Kareem Abdul-Jabbar recently turned cultural critic by reviewing the HBO show Girls for the Huffington Post. In a follow-up article titled “Coming Out of the Locker Room Ghetto,” he addresses the naysayers who question his qualifications to do so:
There was much reaction. Some questioned why a man my age would watch a show about girls in their twenties, as if they’d just discovered me hanging around a school playground with a shopping bag full of candy in one hand a fluffy puppy in the other. Of course, these critics are right. When I read Moby Dick I first had to convince the bookseller that I was a former whaler named Queequeg. When I read the poetry of Sylvia Plath, I had to pretend I was a depressed white woman with daddy issues. Don’t worry, I used a fake ID. […]
But even among some of the positive response was an underlying head-scratching theme: isn’t it amazing that a former jock can have opinions on pop culture and articulate it with words and references to books and movies? Some mentioned my height, as if I was so tall that the air up here could not support intellectual development. […]
Maybe this will help: I have a degree from UCLA. I’m an amateur historian who has written books about World War II, the Harlem Renaissance, and African-American inventors. I read a lot of fiction as well as non-fiction. I watch TV and movies. I have acted in both. I have been a political activist and an advocate for children’s education. How should an aging, black jock like myself know anything about pop culture? Man, I am a living part of pop culture and have been for nearly 50 years. Beyond that, I think pop culture expresses our needs, fears, hopes and whole zeitgeist better than some of the more esoteric and obscure forms of art.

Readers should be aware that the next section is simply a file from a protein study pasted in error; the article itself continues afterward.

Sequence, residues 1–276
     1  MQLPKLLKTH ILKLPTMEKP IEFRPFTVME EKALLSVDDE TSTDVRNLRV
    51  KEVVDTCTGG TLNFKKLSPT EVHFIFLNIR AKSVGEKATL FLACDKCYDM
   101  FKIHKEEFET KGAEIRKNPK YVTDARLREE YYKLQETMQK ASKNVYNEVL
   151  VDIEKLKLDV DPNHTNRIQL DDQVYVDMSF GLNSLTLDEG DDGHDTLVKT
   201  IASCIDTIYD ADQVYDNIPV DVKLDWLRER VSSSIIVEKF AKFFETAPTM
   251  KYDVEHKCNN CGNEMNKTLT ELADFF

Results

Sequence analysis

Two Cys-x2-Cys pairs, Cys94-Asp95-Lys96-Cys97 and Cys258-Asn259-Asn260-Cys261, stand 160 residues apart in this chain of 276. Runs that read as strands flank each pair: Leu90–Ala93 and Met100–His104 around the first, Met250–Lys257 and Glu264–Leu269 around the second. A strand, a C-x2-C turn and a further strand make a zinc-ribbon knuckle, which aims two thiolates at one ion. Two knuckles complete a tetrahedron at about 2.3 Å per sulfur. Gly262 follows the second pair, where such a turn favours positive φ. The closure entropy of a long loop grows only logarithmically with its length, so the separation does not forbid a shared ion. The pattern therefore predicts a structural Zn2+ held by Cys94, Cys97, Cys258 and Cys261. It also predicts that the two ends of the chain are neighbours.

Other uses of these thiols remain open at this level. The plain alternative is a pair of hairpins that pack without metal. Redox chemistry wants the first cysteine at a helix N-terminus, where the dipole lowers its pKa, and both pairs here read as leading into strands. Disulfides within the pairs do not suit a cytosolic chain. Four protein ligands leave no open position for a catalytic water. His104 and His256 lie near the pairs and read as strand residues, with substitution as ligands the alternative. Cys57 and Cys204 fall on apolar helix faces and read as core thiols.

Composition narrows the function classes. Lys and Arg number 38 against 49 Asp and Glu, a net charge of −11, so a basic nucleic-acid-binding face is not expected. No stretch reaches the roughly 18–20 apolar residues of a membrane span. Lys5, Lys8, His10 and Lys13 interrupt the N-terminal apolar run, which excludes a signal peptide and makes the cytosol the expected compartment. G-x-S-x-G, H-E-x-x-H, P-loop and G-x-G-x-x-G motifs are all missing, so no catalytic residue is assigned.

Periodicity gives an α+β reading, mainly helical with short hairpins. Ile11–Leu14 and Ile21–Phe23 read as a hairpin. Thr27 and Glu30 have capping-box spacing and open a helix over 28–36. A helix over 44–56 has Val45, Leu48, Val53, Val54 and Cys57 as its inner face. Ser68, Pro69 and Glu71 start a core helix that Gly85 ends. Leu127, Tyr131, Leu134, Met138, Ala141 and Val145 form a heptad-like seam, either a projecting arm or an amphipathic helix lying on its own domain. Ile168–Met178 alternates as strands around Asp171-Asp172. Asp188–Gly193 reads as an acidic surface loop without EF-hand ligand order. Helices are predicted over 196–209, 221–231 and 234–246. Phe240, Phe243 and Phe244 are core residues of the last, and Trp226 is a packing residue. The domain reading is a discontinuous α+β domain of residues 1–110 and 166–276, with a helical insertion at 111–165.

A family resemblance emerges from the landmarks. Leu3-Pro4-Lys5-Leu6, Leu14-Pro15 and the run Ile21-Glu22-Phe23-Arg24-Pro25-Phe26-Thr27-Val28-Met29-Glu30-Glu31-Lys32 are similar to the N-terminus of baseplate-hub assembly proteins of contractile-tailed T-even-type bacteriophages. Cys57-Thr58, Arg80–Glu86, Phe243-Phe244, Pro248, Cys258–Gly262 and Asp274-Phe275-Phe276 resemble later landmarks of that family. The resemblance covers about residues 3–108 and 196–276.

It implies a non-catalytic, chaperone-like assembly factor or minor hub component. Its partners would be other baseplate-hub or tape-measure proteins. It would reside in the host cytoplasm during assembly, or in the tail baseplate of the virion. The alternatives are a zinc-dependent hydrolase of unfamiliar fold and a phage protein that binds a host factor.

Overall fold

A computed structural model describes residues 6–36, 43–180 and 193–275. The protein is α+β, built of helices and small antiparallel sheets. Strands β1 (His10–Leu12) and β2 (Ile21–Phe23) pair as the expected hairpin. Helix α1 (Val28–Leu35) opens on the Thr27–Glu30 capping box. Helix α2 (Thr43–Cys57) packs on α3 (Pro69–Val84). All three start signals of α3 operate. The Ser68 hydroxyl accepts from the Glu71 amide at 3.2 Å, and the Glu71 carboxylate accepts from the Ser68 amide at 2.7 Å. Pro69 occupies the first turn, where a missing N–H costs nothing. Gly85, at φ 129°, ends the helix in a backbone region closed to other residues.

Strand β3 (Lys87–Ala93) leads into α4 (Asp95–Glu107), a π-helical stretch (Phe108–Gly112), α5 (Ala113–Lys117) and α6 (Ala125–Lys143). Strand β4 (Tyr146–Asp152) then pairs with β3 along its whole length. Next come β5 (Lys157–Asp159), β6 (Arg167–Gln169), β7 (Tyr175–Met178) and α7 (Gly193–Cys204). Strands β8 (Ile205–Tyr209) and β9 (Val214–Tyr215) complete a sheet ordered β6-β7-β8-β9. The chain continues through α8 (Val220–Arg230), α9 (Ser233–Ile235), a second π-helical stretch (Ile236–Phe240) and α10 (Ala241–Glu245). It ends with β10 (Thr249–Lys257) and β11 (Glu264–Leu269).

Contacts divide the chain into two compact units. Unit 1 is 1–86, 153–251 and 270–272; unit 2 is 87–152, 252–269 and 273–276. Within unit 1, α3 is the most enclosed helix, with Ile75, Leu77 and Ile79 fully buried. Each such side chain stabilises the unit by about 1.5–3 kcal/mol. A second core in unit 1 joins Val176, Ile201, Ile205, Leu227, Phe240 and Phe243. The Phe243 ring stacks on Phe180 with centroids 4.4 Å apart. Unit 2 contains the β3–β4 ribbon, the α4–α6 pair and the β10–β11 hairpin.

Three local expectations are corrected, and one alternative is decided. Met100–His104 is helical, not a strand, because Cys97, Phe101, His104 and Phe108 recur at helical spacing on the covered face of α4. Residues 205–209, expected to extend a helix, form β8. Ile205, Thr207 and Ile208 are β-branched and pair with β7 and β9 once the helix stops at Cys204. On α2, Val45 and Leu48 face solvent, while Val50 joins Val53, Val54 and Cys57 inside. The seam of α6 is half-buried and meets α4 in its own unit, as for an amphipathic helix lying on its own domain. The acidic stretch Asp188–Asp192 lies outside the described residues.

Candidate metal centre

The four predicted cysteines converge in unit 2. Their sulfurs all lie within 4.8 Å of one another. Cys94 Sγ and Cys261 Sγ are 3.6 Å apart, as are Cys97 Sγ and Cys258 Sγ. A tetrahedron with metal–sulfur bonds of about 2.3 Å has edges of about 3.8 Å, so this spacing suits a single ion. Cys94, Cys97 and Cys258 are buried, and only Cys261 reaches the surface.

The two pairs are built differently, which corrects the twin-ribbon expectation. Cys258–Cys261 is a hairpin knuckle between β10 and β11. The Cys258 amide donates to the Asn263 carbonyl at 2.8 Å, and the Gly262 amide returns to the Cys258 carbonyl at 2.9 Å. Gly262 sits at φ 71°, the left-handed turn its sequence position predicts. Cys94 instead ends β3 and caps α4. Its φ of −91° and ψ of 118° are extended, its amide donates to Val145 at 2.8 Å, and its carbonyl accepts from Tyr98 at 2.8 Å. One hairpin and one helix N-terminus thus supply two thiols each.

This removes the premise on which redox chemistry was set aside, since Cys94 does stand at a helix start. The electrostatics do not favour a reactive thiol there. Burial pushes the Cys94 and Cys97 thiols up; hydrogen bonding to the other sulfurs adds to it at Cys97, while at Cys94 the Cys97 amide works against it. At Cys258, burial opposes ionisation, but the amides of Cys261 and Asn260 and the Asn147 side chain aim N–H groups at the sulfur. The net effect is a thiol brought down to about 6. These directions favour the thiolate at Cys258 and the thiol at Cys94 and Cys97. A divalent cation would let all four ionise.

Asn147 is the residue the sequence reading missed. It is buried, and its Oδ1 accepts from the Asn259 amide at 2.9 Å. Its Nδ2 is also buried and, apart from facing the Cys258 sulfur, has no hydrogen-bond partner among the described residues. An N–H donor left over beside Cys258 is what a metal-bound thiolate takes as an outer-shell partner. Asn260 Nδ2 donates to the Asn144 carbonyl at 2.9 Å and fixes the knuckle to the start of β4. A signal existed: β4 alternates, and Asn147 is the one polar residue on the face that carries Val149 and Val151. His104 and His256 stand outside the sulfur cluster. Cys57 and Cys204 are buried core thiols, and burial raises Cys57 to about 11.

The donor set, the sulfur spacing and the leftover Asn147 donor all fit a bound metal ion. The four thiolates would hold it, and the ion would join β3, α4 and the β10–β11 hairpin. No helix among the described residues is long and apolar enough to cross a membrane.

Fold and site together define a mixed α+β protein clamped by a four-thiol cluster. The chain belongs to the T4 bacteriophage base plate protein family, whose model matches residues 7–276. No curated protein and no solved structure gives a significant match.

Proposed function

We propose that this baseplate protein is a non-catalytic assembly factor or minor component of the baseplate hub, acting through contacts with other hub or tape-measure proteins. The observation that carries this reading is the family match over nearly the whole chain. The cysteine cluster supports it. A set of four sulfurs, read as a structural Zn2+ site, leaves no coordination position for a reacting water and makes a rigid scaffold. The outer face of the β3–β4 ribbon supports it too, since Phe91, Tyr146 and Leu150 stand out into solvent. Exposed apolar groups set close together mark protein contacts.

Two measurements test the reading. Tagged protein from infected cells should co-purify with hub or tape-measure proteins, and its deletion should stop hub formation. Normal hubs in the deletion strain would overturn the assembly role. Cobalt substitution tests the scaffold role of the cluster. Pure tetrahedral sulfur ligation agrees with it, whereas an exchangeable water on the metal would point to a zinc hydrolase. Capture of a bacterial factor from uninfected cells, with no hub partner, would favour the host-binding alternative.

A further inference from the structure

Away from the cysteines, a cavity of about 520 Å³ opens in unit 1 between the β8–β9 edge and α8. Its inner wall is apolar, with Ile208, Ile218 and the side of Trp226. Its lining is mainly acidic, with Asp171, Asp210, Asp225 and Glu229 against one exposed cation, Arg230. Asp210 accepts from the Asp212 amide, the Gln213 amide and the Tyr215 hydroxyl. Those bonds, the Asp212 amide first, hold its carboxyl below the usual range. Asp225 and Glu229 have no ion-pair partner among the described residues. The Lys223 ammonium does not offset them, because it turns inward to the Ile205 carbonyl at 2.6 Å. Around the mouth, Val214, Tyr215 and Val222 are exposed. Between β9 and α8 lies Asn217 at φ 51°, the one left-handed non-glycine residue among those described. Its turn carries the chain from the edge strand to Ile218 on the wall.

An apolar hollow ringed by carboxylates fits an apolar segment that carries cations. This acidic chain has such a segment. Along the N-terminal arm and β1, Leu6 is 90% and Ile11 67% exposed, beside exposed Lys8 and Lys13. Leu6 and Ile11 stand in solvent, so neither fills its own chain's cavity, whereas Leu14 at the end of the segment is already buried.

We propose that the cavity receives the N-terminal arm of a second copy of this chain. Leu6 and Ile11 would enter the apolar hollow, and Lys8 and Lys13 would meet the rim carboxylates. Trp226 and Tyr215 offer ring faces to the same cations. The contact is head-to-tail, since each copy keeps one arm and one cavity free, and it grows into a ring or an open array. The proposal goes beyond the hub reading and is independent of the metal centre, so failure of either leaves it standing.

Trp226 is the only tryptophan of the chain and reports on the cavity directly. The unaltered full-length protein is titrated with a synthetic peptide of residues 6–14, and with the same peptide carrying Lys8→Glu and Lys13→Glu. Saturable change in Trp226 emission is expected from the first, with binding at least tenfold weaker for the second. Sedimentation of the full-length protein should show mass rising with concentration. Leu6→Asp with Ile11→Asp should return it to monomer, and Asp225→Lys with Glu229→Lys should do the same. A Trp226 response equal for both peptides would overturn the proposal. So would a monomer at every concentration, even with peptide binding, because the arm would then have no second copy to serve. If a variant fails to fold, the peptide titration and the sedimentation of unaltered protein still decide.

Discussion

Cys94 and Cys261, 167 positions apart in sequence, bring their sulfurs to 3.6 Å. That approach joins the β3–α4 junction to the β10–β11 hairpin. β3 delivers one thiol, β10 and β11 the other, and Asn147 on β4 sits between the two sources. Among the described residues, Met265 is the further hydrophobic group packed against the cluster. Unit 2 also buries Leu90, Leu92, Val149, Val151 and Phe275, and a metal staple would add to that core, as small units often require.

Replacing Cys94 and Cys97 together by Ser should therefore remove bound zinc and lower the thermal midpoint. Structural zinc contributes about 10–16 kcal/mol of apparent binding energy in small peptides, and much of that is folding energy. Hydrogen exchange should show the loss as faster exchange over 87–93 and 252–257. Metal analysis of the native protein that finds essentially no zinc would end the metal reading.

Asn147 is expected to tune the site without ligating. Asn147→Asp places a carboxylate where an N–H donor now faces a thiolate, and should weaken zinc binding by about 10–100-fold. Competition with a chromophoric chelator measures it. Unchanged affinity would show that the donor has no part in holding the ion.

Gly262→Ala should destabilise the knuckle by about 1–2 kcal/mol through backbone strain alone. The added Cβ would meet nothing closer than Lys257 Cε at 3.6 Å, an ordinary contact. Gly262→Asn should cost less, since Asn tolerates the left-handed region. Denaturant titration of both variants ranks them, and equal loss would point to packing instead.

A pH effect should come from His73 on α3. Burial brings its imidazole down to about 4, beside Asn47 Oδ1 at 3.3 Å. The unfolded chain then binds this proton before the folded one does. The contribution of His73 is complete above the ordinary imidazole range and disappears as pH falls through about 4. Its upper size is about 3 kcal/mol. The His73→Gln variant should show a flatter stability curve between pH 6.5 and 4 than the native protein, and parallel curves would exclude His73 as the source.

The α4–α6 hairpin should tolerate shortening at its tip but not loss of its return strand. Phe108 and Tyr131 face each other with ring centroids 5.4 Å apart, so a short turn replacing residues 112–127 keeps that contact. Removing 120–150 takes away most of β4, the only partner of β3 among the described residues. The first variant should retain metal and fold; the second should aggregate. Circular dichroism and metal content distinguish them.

Be sure to read the rest. It’s smart, funny — and, I’m ashamed to admit, surprisingly so, to me. Apart from his cameo in Airplane!, I was mostly unaware of Abdul-Jabbar’s accomplishments off the basketball court — and had mentally relegated him to the “amazing jock” category without giving any thought to whether the man had any interests, abilities, or other fascinating facets as a human being outside the narrow field for which he’s recognized (and pigeonholed).
Mea culpa. As I’ve argued myself, it’s always unwise to put people into boxes of any kind. Once you get past your easy assumptions and really get to know them, people will endlessly surprise you. I suppose, at this point, we really shouldn’t be surprised at all.